brochure.

Article: 3820
Subject: Quick question for Model Tech. experts:
From: Kayvon Irani <kirani@cinenet.net>
Date: Tue, 06 Aug 1996 21:06:14 -0700
Links: << >>  << T >>  << A >>
Quick question for Model Tech. experts:

	How do you get around the problem of grouping individual signals to create and
	view a bus on Model Tech? If I start with a signal like counter(7 downto 0)
	and go through synthesis and place and route my final netlist now has eight
	individual signals representing counter(7 downto 0). Since Model Tech does 	
	not have the capablity to group signals; what'd be an easy way to
	group them back together at the netlist level?

	Regards,
	Kayvon Irani
	Lear Astronics
Article: 3821
Subject: Problem With Xilinx/Viewlogic PROwave
From: Mark Garaway <mgaraway@deltanet.com>
Date: Tue, 06 Aug 1996 21:17:29 -0700
Links: << >>  << T >>  << A >>
I'm using Xilinx's Xact 6.0 development set with the Viewlogic tools.  It
was my customer's choice.  My problem is with the PROwave waveform display and editor
tool. It seems to change the sequence of signals I specify in the PROsim wave command and
displays them in a different apparently random fashion.  For example, I say wave xyz.wfm a
b c d in PROsim and PROwave displays the signals as d a c b or something different each
time I run a simulation.  Any help is greatly appreciated.  It would sure be nice to see
the simulation waveforms the way I want them.  I you think the rest of the news group
would benefit from an answer please post the reply here otherwise e-mail is fine.

Regards,
Mark Garaway
mgaraway@deltanet.com
Article: 3822
Subject: Re: Xilinx/FPGA Timing Problems
From: Scott Kroeger <Scott.Kroeger@mei.com>
Date: Tue, 06 Aug 1996 22:21:56 -0600
Links: << >>  << T >>  << A >>
Ray Andraka wrote:
> 
> ft63@dial.pipex.com (Peter) wrote:
> >
> [stuff deleted]
> 
> > But I have more often come across a nastier problem, common to all
> > FPGAs: say you have a 16-bit shift register. Obviously, for a SR to
> > work, the clock skew stage-to-stage has to be less than the clock-to-Q
> > propagation delay. IOW, you ideally want to clock all the stages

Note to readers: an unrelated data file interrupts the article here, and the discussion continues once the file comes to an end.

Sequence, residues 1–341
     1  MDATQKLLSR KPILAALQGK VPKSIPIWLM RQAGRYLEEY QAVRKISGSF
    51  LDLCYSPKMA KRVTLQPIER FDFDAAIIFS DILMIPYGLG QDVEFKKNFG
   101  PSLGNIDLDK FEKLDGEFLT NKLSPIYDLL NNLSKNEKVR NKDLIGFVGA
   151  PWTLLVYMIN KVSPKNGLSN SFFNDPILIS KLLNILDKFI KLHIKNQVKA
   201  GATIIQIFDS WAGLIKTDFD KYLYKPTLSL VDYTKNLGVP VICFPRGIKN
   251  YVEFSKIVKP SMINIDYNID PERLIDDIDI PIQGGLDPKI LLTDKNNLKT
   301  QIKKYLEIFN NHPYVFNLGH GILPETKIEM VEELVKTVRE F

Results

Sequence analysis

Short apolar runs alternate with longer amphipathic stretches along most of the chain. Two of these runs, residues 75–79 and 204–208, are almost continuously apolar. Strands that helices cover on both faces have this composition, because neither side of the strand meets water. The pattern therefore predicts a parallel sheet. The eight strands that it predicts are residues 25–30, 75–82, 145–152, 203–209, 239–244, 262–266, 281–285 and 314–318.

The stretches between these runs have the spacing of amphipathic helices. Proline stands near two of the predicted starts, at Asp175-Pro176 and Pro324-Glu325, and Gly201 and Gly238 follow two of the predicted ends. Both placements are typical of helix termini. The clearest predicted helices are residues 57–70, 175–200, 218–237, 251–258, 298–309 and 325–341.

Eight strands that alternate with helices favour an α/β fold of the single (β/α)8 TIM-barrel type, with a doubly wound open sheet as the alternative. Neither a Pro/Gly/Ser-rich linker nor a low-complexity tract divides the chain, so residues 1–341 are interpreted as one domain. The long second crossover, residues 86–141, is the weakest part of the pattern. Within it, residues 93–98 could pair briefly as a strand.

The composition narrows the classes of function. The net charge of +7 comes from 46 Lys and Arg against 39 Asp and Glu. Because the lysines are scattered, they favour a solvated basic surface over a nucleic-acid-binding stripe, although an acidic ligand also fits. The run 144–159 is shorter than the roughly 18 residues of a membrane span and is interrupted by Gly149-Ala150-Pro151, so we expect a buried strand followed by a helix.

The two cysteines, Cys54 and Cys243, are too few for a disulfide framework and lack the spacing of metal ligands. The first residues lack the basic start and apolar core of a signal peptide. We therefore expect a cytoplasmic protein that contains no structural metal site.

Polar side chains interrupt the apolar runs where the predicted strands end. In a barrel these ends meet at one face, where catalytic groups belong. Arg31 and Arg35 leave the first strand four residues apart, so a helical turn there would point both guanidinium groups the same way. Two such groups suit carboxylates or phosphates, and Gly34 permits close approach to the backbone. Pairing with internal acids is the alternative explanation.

> > together.
> 
> True.  Use the global clock to minimize skew.
> >
> 
> [stuff deleted]
> 
> > The "proper" way to do this is to use one of the global clock nets to
> > clock all the D-types, and use clock enables to decide which actually
> > get clocked. Of course, in my above SR example, they all get clocked
> > together anyway, but you may still need to gate the clocks, otherwise
> > the SR will be shifting all the time!
> >
> > Unless I am oversimplifying your problem, it is possible that this is
> > what you are seeing. Even if you do everything "synchronous", this is
> > where you get caught.
> >
> If you are gating clocks you are not synchronous!  The right way to
> do this is to create an enable in the logic using feedback. This uses
> up two variables to the LUT but it is fast and avoids any clock skew
> problems. If you must gate the clock(avoidable in most cases) you
> should use the clock enable inputs to the CLBs, but beware their use
> can congest routing.

There is no difference between creating an enable in the logic and using 
the clock enable input (which just wraps the ff output back to the ff 
input.)  Using the enable is not the same as gating the clock.  The 
former doesn't change the clock timing as it only controls the feedback 
path.  AFAIK using the CE inputs does not congest routing anymore than 
using a logic contrived CE, unless the signal that drives the CE is 
sourced within the same CLB and therefore doesn't need local 
interconnect.

Regards,
Scott
Article: 3823
Subject: Pin assignments synopsys->Maxplus2?
From: Andreas Doering <doering@iti.mu-luebeck.de>
Date: Wed, 07 Aug 1996 09:46:05 +0200
Links: << >>  << T >>  << A >>
Hello,
I am designung for ALTERA devices (namely EPM9560, EPF10K50) 
using SYNOPSYS-FPGA-compiler and Maxplus2. I want to put 
my pin assignments into the VHDL-source. 
I know that I can edit the .acf file, but Maxplus2-online help tells 
that it can be done using EDIF-properties, too.
Now I do not know how to produce these property entries with 
FPGA compiler. Attributes on the speciphic ports seem to be ignored.
Is there another way to get around (some kind of awk script, 
that extracts the pin assignments and inserts them into the edif file.
I guess this is tedious to write this.
Thanks in advance.
Andreas
-- 
---------------------------------------------------------------
                        Andreas Doering
                        Medizinische Universitaet zu Luebeck
                        Institut fuer Technische Informatik

		        Email: doering@iti.mu-luebeck.de
----------------------------------------------------------------
Article: 3824
Subject: Re: Xilinx/FPGA Timing Problems
From: Alexandr Solovkin <sol@elvis.msk.su>
Date: 7 Aug 1996 10:45:48 GMT
Links: << >>  << T >>  << A >>
Ray Andraka <randraka@ids.net> wrote:
>ft63@dial.pipex.com (Peter) wrote:
>>
>[stuff deleted] 
>
>> But I have more often come across a nastier problem, common to all
>> FPGAs: say you have a 16-bit shift register. Obviously, for a SR to
>> work, the clock skew stage-to-stage has to be less than the clock-to-Q
>> propagation delay. IOW, you ideally want to clock all the stages
>> together.
>
>True.  Use the global clock to minimize skew.

You may manually route clock back to the data flow.
So, if data goes from 1 to 16 register, clock goes to clock16 !before!
then to clock15 and so on. This kills your problem.

Best regards.
Alex